I met Jordan at work, assuming he was the usual teenage fast-food employee. He was always smiling and polite, doing all the work he was asked to do. I was shocked when I learned he was part of “the program”: a place that helps young men reintegrate into society after they’ve been convicted of a crime.

“I remember when I was six – and it was so funny that I knew what this was – I was so young. It was probably bad. But these guys are doing this blood handshake, but it was so long. When I sat there looking at them, it felt like it was an hour. But at that time, they had payphones and stuff, so my mom was at the payphone and I’m looking at it. And I’m just like, ‘yo… those guys are doing a gang handshake.’”

Jordan grew up in Trenton with his mother, grandmother, and uncle. Being in that area, there were many things he was exposed to that most children aren’t. Money was always something they worried about.

“The only person working was my mom, and she’s trying to stretch her money across four people.”

At a young age, he had to start helping his mother support an entire household. There was so much pressure to help his family financially; Jordan inevitably slipped into the behaviors he had been surrounded by.

“As I got older, it kind of shifted a lot. I kind of became the head of the household. I started actually working at AMC when I was fifteen, right before I turned sixteen. Started working. You already know my history so… started doing my thing. Hopped off the porch, as we would say. Started selling a little bit of drugs here and there, doing a little paid stuff here and there. But yeah, pretty much started getting money by myself, you know what I mean?”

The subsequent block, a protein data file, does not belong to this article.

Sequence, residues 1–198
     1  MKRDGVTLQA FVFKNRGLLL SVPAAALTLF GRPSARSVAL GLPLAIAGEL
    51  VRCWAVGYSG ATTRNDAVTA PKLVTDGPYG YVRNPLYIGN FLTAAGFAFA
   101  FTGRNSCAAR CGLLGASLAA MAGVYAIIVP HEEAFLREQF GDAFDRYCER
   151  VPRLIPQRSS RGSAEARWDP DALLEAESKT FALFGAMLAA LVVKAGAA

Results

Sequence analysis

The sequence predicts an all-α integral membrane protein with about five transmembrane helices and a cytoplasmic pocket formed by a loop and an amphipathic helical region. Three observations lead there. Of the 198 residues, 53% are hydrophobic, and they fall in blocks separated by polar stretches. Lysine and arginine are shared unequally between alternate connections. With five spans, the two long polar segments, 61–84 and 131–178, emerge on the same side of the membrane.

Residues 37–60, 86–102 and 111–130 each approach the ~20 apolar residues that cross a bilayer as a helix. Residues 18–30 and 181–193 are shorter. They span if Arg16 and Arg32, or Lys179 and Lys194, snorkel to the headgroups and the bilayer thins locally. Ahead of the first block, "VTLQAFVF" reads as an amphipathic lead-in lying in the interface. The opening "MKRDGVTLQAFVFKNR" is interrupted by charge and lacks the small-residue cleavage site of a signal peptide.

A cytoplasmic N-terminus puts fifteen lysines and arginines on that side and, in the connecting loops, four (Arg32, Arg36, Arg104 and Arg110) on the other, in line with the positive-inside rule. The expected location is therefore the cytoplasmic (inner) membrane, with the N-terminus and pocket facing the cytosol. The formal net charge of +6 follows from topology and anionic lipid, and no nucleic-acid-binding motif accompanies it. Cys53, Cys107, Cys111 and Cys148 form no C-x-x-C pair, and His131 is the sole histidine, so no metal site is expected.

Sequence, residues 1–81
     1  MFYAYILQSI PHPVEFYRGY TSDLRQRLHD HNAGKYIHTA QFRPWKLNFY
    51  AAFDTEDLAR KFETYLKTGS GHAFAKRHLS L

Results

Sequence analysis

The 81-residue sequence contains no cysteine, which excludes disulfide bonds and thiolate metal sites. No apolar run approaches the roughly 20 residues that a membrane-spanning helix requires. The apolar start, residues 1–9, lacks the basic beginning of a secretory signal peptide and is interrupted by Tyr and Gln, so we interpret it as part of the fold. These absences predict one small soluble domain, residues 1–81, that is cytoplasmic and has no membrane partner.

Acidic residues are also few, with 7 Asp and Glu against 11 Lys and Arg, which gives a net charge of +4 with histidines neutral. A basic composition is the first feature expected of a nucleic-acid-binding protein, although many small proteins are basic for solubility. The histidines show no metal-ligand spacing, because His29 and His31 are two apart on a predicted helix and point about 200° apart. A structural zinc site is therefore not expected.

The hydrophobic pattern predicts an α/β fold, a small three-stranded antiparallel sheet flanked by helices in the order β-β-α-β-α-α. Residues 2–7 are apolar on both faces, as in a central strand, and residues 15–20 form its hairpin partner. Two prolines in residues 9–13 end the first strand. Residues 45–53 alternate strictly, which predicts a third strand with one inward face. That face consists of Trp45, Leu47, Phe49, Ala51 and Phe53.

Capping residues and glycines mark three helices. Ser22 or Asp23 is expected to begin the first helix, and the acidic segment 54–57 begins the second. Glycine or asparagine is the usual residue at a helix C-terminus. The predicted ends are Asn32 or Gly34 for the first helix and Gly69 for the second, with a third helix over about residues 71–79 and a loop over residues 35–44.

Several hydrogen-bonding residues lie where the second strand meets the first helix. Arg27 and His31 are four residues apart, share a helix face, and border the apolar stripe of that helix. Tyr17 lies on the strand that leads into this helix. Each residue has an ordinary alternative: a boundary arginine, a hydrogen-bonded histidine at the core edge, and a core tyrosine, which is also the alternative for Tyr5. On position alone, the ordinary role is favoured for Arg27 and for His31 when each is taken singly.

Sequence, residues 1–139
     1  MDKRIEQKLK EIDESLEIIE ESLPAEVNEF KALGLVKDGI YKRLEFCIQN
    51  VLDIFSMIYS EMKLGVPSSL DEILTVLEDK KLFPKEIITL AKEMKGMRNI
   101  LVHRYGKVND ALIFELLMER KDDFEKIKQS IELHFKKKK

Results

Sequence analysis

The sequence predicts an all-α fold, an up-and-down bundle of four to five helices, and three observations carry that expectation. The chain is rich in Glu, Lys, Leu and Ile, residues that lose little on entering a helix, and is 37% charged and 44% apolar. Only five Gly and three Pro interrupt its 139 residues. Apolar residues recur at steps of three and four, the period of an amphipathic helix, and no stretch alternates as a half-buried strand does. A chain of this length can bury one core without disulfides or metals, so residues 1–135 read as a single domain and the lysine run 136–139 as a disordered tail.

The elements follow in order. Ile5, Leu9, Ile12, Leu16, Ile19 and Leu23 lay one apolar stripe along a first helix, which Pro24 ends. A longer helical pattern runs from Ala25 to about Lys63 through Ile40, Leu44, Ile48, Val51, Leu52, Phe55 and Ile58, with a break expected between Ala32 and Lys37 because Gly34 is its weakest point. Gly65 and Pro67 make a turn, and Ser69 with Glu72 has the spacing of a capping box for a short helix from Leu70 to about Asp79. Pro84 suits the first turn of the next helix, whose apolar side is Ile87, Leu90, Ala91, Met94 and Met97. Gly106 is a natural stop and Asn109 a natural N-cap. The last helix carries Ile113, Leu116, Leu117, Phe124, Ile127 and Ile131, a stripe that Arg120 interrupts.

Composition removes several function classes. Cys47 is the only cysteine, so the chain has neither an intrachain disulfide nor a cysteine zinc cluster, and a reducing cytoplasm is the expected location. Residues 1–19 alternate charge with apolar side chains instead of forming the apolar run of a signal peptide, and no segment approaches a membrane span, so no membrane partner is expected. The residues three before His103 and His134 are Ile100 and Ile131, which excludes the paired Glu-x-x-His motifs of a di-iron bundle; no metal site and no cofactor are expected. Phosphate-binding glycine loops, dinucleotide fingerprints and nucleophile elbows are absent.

It’s hard to imagine a fifteen-year-old selling hard drugs, but it’s easy to fall victim to that lifestyle when it’s what you see everywhere, all the time.

“The way I look at Trenton is… it’s like… raw. Raw material. You’re gonna get it just the way it is. As far as people selling drugs, you’re just gonna see it – that’s just what it is. As far as the downtown area, where cops are literally on every single block, people still do it. They don’t care.”

This way of life will always be a part of him, even when he’s far away from the city.

“To me it always seemed normal, you know? Even whenever they have shootouts and stuff like that. It’s to the point that I can’t even really go to sleep unless I hear a little bit of noise – like a TV on, something like that. ‘Cause I don’t do quiet. In my town, there’s cars always driving by … So I’m used to it.”

Despite the challenges, he managed to do very well in school. When he was just in elementary school, he decided to start taking his education seriously. He didn’t want to treat it as a joke like so many around him did. From then on, he got honor roll every year, and was even accepted into multiple programs for exceptional students.

“I’ve always been that person that can get an F in the beginning of the marking period and then average it out later to a B. So I was like, ‘You got this. This is Jordan. Come on.’ And I didn’t have it. It was just going down and down and down and down. So I’m kinda happy that saved me a little bit. I would’ve been dropped out probably.”

In the months before his arrest, Jordan went into a downward spiral. Because his friends often skipped school, he started going less and less. His grades plummeted; he saw himself heading towards the life he had always feared. He admits that a part of him is glad he got caught – otherwise he may have never been taken off that path. Although there were some positives to his arrest, there were many internal struggles he faced as a result.